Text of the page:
The Port of Oakland has become the second US port to handle the largest container ship to visit the USA, following the Port of Los Angeles, where the 18,000 teu CMA CGM vessel arrived at in late December 2015.
The ultra-large container vessel (ULCV) berthed in the port of Oakland on December 31, 2015, and will return to the US in February after visiting Chinese ports.
On December 26, 2015, unprecedented measures were deployed to handle the ship in Los Angeles. These comprised 56 hours of operations, approximately 11,200 container moves and as many as nine cranes – the largest number of cranes deployed simultaneously on the same vessel at the Port of Los Angeles.
Jacques Saadé, founder, chairman and CEO of CMA CGM Group, said: “This unprecedented call shows CMA CGM’s strong faith in long-term growth potential of the U.S. economy and our commitment to increasing our U.S. market share.”
Last month, maritime consultant Drewry voiced scepticism over US West Coast ports’ ability to handle mega-ships, noting that productivity would have to improve significantly for ULCVs to call on “anything other than an ad-hoc basis”.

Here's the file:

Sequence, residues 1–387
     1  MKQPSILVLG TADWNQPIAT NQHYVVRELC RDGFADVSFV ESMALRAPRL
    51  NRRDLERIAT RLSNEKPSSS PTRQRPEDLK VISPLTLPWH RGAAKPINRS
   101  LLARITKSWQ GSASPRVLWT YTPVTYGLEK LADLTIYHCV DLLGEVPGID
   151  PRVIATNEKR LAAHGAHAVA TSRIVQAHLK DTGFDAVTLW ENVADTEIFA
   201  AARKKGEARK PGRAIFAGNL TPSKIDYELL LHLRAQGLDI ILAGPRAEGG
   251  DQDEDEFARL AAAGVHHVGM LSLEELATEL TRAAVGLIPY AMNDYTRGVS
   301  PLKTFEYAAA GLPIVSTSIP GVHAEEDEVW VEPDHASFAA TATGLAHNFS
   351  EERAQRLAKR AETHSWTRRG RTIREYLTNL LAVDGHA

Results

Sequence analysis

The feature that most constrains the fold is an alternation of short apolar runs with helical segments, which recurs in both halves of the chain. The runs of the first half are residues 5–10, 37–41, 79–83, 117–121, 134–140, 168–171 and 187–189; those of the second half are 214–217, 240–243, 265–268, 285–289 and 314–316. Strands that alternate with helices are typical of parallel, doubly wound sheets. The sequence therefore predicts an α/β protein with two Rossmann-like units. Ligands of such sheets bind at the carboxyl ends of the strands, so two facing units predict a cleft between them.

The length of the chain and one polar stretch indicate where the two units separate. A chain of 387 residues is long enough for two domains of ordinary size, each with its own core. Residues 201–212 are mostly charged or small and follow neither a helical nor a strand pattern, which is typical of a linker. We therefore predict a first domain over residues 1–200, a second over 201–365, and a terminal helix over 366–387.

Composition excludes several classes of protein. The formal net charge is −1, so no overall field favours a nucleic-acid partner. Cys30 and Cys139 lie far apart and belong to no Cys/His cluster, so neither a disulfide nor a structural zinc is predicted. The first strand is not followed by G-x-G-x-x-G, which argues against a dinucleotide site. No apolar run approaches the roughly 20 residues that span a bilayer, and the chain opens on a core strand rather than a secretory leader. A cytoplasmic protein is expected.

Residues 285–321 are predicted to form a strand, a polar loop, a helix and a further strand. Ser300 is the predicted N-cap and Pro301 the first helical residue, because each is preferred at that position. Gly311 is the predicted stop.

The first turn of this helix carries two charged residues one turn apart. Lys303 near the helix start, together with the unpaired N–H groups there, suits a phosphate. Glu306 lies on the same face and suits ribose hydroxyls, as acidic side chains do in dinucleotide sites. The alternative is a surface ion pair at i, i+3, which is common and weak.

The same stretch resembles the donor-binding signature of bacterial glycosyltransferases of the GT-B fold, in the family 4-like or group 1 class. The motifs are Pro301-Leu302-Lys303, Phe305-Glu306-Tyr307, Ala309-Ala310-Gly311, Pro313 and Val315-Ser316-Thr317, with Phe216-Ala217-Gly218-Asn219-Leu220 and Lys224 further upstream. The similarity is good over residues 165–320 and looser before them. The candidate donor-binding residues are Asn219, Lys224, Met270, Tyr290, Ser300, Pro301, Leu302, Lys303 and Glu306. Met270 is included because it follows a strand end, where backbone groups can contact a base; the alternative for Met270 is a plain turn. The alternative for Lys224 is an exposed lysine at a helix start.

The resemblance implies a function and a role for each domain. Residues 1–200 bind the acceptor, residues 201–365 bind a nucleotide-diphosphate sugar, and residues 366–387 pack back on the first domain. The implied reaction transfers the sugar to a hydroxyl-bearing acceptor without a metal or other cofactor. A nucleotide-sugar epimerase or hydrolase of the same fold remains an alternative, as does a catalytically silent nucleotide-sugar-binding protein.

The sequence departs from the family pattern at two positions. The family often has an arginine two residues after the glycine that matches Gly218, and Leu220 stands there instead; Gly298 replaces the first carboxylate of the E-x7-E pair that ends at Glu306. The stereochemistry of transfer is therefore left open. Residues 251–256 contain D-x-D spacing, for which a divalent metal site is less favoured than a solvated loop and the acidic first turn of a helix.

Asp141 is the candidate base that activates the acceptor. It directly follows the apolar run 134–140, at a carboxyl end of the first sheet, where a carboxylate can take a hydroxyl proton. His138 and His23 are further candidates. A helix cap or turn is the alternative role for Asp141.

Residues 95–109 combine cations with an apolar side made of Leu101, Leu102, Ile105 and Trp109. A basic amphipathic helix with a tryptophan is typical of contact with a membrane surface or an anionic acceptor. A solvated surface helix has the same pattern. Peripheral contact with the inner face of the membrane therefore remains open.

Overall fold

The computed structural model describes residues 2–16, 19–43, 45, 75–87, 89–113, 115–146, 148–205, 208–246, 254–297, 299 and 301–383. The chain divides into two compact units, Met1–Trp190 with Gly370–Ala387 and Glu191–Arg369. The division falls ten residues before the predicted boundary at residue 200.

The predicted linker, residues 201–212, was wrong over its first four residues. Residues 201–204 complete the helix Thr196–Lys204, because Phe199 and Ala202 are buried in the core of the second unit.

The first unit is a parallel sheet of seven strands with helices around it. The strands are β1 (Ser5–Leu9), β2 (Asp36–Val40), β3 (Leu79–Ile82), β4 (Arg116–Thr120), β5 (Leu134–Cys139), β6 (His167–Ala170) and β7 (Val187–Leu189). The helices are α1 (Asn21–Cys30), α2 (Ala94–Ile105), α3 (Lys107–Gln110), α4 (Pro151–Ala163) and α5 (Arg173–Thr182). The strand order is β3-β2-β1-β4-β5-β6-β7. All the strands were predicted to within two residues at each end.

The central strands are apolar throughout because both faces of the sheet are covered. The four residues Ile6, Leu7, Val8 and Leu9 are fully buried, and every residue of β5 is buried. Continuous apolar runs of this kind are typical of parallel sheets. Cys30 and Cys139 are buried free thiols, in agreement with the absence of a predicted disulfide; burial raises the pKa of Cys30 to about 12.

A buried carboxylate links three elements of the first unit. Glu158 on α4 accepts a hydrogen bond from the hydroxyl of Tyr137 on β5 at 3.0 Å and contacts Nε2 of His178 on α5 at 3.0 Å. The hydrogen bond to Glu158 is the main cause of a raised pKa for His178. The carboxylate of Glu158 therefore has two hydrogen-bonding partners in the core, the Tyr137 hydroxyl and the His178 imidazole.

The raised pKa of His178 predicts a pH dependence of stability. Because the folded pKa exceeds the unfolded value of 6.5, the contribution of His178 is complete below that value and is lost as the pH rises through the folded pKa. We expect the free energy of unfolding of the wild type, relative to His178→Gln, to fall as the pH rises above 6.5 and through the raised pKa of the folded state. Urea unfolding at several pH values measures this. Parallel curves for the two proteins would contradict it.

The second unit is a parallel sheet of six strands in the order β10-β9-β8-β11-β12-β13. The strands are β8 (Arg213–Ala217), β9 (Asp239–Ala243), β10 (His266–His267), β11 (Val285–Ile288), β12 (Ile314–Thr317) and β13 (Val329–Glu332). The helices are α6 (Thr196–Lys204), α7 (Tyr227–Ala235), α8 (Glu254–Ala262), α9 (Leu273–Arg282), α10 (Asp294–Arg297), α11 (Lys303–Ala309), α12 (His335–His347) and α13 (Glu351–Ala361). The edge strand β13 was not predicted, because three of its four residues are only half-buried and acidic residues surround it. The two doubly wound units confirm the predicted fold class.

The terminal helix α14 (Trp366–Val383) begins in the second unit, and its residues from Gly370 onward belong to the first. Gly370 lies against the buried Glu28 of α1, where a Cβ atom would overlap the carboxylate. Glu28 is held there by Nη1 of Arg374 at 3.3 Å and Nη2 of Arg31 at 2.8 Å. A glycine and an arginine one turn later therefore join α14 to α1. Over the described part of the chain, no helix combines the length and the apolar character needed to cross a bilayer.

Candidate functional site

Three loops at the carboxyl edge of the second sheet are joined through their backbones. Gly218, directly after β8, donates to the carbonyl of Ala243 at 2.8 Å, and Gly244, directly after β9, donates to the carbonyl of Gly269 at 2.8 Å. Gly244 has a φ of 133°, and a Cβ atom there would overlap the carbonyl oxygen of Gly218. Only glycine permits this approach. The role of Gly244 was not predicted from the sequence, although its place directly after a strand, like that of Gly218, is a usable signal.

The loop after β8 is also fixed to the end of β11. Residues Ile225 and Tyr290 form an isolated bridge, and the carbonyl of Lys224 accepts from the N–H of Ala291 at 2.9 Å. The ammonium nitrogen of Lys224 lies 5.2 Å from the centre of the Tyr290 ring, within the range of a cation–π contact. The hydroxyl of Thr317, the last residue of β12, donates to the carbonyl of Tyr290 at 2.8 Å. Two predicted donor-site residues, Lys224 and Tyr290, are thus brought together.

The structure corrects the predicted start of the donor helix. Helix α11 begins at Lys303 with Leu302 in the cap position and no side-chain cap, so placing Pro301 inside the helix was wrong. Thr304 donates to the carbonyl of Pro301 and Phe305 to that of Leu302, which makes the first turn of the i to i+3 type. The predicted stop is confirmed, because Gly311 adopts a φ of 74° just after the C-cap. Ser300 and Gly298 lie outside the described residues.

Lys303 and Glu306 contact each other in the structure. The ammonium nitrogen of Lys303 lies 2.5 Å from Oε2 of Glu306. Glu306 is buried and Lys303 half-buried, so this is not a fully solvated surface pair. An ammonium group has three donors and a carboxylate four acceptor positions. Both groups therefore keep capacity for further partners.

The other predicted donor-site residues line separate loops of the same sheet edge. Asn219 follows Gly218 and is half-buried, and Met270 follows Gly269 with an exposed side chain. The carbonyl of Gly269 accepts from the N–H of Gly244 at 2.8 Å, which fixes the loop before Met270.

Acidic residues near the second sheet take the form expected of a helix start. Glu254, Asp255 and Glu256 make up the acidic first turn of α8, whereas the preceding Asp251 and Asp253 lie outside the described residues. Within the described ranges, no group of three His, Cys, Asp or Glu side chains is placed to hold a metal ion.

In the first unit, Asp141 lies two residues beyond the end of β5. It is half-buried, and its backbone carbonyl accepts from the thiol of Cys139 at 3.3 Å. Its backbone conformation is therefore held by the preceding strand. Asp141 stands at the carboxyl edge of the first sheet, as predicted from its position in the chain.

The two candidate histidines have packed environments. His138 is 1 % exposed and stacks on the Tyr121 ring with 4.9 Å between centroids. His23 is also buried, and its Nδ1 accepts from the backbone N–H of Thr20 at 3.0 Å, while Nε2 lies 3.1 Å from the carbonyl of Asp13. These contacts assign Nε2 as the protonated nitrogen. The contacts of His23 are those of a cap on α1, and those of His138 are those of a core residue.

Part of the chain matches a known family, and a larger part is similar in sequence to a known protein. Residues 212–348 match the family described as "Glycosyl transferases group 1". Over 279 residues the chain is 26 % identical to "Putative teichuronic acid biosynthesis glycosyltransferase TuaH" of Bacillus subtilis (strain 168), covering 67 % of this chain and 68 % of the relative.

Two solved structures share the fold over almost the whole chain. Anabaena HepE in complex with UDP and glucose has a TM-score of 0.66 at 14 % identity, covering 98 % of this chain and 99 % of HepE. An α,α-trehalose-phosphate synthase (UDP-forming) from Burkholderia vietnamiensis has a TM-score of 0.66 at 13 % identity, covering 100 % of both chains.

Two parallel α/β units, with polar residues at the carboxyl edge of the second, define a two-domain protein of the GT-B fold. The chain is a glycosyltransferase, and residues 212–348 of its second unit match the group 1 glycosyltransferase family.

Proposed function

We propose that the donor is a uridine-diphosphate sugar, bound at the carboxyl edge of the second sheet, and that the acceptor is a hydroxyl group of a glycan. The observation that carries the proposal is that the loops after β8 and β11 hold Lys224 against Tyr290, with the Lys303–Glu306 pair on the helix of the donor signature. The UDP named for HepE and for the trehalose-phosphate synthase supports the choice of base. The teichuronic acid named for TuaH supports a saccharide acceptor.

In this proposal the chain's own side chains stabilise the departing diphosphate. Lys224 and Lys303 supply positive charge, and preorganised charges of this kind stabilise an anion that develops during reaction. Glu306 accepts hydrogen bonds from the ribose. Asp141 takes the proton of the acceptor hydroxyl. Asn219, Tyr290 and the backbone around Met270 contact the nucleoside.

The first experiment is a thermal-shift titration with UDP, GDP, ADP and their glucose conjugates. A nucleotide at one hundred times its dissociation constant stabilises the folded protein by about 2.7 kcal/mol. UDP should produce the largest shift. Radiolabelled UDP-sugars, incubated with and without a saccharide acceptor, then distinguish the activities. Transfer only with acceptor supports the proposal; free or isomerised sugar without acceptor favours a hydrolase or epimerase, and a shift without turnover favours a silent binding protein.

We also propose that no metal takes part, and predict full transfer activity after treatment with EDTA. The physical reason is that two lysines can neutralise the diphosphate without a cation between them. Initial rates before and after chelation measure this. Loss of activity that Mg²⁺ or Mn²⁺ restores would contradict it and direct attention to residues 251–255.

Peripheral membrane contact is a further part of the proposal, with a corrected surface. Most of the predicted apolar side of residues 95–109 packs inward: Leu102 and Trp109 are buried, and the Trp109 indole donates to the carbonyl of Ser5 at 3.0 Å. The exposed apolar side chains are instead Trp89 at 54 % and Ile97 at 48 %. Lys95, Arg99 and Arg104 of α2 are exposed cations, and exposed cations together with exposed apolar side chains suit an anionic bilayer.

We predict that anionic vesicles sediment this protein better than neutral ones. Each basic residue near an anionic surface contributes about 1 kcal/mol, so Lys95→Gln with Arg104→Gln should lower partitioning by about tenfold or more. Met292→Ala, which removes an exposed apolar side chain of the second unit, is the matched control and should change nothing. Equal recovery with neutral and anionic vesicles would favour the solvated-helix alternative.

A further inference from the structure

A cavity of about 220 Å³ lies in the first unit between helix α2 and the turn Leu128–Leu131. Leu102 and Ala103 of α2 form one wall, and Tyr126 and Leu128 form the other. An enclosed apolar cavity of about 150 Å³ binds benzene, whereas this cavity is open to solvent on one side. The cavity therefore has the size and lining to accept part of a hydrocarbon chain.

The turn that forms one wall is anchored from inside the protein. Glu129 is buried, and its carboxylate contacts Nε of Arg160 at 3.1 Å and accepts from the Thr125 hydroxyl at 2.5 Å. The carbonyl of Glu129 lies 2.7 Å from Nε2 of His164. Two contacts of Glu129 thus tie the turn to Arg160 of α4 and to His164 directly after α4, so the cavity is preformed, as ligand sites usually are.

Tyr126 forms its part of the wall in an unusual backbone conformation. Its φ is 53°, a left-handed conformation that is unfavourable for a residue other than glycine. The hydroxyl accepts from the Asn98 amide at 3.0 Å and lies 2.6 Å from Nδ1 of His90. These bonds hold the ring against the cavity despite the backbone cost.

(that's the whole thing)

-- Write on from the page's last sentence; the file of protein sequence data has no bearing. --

In preparation for the ship’s arrival in Oakland, the French shipping line worked with the Port of Oakland and NWS Seaport Alliance, the San Francisco Bar Pilots, Ports America Outer Harbour, railroads and trucking companies.
As a part of this, CMA CGM, the Port of Oakland and the San Francisco Bar Pilots (SFBP) executed vessel simulations at the California Maritime Academy: seven San Francisco Harbour pilots ran two different simulations in presence of a CMA CGM Senior Captain – one to handle mooring with such a vessel, the second one was focused on sailing.
Similarly ahead of the call in Los Angeles, the carrier collaborated with Los Angeles mayor Eric Garcetti and city officials, the Port of Los Angeles, harbour pilots, APM Terminals, the International Longshore and Warehouse Union (ILWU), railroads and trucking companies.
During the Los Angeles call, more than 4,500 containers were to be carried by train to their final destination, with rail cars pre-staged to the port for several weeks to reduce turnaround times.